Category: Director’s Blog

Behind The Whirlwind

Director’s note: A colleague in anthropology recently directed me to a new graduate zine, The Whirlwind, on race and geography and I was instantly struck by its remarkable content and innovative format. I knew or knew of many of the publication’s contributors, most who have attended or expressed interest in IAAR events. And I have… Read more »

“Let’s Talk About HIV”: Middle Class Black Women’s Self-Advocacy in Patient-Provider Communication

Allison Mathews, our guest blogger, is a doctoral candidate in the Department of Sociology and Humphreys Fellow with the Graduate School at UNC-Chapel Hill. Her dissertation research focuses on the role that Black and gay identity play in Black gay men’s religious choice and participation. Her research interests include race and ethnicity, masculinity and sexuality,… Read more »

Centralizing the Griot in Space and Time: The Practice of Spatial Literacy

Tanya Shields, our featured IAAR blogger, is an assistant professor in UNC’s Department of Women’s and Gender Studies.  Dr. Shields’s first book, Bodies and Bones: Feminist Rehearsal and Imagining Caribbean Belonging, is forthcoming with the University of Virginia Press and examines the ways in which rehearsing historical events and archetypal characters shapes belonging to the… Read more »

African American English and Embracing Linguistic Diversity in the Classroom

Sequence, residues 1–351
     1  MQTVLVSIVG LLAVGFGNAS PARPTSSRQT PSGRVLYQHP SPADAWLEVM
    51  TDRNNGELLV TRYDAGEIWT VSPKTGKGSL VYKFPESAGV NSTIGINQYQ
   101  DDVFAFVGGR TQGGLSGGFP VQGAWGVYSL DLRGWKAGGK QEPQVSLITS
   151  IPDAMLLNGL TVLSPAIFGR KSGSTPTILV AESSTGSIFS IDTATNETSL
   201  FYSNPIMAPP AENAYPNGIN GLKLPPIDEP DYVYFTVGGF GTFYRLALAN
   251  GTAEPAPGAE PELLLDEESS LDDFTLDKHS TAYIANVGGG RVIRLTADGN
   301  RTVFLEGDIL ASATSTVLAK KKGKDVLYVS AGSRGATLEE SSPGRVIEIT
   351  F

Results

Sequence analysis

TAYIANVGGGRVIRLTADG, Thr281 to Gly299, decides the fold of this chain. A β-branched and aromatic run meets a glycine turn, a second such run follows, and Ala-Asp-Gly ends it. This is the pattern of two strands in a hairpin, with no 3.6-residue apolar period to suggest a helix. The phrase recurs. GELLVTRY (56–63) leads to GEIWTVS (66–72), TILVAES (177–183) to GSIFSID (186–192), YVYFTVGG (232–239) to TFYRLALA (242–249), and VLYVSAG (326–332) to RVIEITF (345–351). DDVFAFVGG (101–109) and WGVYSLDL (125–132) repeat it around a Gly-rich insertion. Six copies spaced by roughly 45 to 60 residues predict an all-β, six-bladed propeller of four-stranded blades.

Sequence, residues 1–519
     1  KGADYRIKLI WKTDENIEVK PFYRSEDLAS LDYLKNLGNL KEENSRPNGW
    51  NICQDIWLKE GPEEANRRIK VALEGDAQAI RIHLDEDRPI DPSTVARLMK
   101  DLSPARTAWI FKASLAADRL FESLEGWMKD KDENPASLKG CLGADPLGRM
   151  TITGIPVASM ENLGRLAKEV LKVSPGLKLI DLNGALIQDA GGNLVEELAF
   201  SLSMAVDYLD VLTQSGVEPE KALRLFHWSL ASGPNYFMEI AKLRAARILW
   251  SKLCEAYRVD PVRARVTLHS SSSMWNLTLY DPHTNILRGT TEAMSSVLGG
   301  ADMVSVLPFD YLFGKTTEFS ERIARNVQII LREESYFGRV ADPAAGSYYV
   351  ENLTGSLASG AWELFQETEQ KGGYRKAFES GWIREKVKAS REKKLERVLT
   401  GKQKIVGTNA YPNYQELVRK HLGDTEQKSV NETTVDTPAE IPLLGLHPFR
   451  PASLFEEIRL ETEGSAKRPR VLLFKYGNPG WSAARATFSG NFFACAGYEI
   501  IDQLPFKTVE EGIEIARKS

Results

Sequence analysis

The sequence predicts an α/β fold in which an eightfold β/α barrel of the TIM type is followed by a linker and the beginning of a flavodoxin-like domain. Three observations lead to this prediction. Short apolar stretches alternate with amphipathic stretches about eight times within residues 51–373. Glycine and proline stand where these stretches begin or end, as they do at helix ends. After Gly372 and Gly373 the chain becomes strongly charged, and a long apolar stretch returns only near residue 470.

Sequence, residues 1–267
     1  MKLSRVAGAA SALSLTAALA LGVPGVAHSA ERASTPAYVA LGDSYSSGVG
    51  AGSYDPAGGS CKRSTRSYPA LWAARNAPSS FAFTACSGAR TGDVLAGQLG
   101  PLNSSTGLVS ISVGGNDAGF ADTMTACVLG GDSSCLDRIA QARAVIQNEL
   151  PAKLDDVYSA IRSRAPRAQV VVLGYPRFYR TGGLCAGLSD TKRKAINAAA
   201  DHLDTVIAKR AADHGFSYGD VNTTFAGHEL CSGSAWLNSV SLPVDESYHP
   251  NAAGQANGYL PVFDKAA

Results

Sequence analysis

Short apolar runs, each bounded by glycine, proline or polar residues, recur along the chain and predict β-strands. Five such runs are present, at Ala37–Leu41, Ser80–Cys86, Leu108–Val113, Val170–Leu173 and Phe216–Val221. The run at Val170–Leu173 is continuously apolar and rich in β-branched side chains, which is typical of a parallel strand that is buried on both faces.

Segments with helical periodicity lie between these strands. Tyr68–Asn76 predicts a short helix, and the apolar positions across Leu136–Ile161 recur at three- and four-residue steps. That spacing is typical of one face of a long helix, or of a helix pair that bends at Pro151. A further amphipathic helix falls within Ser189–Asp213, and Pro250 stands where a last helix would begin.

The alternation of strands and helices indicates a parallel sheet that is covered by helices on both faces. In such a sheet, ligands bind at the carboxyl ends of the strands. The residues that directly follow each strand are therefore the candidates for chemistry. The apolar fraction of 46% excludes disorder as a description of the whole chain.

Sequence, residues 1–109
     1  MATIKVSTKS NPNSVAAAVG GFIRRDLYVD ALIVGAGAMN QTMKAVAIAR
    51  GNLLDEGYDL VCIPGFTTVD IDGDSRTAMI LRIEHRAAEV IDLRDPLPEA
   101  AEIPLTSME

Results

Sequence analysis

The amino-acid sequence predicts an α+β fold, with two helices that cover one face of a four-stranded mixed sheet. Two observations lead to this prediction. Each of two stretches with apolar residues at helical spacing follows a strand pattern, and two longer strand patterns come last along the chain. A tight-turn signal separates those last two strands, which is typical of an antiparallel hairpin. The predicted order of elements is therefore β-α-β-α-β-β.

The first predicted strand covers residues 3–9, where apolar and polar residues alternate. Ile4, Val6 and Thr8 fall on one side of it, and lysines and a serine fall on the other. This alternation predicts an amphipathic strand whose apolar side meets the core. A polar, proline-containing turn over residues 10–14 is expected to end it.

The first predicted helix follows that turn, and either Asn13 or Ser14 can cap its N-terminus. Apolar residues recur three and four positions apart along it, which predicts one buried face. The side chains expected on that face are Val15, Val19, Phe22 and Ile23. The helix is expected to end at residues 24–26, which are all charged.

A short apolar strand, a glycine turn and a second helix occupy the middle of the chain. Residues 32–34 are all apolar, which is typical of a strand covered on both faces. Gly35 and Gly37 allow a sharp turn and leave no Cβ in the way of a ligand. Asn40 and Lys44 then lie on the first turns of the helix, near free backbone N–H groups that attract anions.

Jen Griffin, our featured guest blogger for February, is a doctoral candidate in the Linguistics Department at UNC. Her research interests include the documentation of dialect variation and evaluating models of variation. Her dissertation project seeks to document the various dialects of Sgaw Karen, which is an understudied language spoken by members of the Karen… Read more »

Mentorship and Professional Development for Researchers of African Americans and the African Diaspora

No one disputes that mentorship and network-building are the stuff of professional development for young scholars and students. Arguably, mentoring is especially important in interdisciplinary fields such as African American and African diaspora studies, an area of scholarship that some consider less legitimate than “traditional” disciplines (see Robin Kelley’s recent article on this) and that… Read more »

Fat Babies

Our featured guest blogger today is Taylor Livingston, a doctoral candidate in the Department of Anthropology at UNC-CH. Taylor’s dissertation project examines whether, how and why African-American women choose to breastfeed. She is particularly interested in the ways that public health discourses and the legacy of slavery and racism in the South shape African-American women’s… Read more »

Warm up with the IAAR Spring Events

As you try to wrap your mind around how the temperatures can go from 10 to 70 degrees all in the first week of classes, take a look at the more comprehensible and balanced roster of events that we have lined up for spring 2014. Our focus continues to be currency in research on African… Read more »

Research Insights, Emotions and the Case of Trayvon Martin

When I pulled together a panel of speakers to discuss the case of Trayvon Martin for IAAR’s second fall program, I hadn’t banked on the event being as intense and rich as it turned out to be. I wanted scholars who may never have written analytically on Martin to bring their research insights on a… Read more »